Research shows rise in patent filings for satellite systems

Patent applications for satellite-based technologies have doubled in the last five years, according to patent and trademark attorney Withers & Rogers.

Based on the company’s analysis of the incidence of international patent filings relating to global navigation satellite systems (GNSSs), the number of applications rose from 462 in 2004 to 961 in 2009.

According to Withers & Rogers, this is likely, in part, owing to companies filing multiple applications referring to the US Global Positioning System (GPS) and alternative systems including the EU’s Galileo and the Russian GLONASS network.

‘This research confirms that R&D [research and development] activity in this field is thriving and has never been stronger,’ said Nick Wallin, patent attorney at Withers & Rogers. ‘This is largely due to the gradual emergence of GPS alternatives, such as Galileo, which has secured significant political support in Europe and is expected to start operating in 2014. This is leading to an innovation race as engineers seek to commercialise applications of the newly available technology.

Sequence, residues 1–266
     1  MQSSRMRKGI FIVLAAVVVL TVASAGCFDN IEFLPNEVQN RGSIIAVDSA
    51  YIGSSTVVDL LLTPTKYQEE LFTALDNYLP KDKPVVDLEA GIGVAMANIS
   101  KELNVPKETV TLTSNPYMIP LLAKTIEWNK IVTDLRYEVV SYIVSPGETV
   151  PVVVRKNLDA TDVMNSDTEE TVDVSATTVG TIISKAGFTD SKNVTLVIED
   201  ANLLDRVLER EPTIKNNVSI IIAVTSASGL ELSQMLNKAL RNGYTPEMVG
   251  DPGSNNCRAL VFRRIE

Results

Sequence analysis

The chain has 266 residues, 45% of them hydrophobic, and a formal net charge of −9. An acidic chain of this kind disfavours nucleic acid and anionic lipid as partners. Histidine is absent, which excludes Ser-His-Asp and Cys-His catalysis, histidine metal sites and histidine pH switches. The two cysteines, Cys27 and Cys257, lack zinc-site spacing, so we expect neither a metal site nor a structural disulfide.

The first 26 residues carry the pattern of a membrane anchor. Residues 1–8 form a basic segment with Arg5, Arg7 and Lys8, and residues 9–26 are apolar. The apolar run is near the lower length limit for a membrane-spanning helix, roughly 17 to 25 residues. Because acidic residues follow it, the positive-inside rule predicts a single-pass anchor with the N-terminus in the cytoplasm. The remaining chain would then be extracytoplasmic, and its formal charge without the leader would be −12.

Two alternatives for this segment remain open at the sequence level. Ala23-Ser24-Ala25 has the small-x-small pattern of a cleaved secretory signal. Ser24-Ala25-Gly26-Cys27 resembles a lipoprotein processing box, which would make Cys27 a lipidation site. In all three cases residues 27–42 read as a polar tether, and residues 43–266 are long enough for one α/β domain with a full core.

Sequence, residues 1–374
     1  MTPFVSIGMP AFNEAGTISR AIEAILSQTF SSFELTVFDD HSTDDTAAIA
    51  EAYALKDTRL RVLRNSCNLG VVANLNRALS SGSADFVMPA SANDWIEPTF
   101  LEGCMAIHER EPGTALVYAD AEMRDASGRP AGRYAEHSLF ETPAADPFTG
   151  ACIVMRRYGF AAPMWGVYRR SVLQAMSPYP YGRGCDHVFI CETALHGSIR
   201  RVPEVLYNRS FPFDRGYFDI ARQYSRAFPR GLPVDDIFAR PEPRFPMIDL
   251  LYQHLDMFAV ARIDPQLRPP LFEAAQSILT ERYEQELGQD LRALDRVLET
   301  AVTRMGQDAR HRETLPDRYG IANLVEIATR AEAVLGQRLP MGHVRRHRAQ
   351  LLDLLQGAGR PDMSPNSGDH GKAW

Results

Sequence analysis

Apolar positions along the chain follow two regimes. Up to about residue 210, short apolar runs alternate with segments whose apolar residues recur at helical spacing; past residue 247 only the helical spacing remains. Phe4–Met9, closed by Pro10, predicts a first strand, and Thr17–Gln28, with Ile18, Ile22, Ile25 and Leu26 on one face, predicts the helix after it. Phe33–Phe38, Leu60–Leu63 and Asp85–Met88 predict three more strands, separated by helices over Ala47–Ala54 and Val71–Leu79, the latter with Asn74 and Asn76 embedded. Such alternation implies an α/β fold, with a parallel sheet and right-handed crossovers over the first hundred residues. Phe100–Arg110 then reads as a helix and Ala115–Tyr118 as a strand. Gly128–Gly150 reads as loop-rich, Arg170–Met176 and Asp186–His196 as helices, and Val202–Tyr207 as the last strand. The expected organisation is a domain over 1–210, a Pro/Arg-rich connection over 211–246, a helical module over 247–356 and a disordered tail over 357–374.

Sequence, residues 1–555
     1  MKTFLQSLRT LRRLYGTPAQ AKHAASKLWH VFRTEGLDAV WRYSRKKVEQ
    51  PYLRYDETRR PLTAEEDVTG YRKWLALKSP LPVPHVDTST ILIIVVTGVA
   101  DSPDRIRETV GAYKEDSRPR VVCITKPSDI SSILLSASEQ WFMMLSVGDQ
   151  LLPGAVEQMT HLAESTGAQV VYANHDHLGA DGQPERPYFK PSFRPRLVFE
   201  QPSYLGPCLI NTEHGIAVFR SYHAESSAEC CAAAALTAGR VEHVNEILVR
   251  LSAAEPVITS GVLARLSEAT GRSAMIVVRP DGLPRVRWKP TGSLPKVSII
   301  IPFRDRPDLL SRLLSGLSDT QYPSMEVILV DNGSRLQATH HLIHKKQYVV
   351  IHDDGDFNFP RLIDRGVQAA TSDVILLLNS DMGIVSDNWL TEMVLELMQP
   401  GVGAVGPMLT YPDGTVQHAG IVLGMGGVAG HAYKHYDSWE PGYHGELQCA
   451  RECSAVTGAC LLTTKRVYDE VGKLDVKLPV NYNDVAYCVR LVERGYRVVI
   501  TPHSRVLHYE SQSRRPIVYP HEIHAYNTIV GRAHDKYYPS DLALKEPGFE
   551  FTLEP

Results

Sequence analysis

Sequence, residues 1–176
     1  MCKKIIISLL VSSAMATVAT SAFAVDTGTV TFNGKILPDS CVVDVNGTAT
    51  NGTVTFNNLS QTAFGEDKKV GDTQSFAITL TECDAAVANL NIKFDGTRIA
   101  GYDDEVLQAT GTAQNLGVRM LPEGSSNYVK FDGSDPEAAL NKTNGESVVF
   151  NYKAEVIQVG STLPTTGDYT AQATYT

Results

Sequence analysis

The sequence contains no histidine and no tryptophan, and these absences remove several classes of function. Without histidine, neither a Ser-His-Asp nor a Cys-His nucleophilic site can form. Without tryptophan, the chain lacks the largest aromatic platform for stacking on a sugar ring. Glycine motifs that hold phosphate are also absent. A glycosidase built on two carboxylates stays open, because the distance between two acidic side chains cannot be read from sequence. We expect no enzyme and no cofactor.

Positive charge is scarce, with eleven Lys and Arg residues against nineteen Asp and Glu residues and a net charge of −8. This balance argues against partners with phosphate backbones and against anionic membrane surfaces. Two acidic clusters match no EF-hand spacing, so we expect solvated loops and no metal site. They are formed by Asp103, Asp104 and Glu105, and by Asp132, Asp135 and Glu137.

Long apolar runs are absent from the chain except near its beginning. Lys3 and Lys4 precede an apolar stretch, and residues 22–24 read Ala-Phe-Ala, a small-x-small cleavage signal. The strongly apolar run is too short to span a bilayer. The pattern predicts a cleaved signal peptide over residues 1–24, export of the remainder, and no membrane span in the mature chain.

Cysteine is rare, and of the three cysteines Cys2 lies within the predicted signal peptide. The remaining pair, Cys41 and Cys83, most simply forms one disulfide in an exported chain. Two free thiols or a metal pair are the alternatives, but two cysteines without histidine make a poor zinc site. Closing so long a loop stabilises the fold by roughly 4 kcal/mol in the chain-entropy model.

‘However, it is still very early days. The number of patents filed that refer to Galileo still trails the number that refer to GPS, but the gap is beginning to close.’

GPS is referenced in the vast majority of global patent applications but the political drive to develop systems controlled in other parts of the world may now be beginning to influence the patent-filing behaviour of larger corporates such as Qualcomm and Nokia.

‘Qualcomm is filing the most patents that reference Galileo, the EU-owned version of GPS, and Nokia Corporation is in second position,’ said Wallin. ‘This indicates that larger corporates are starting to take the Galileo system seriously and the number of global patent filings that reference the GPS alternative has increased five-fold between 2004 and 2009.’

Backed by the European Community, Galileo will work alongside US GPS and the Russian GLONASS network, using the same frequency band as GPS, and its technologies are expected to be standardised through the European Telecommunications Standards Institute (ETSI).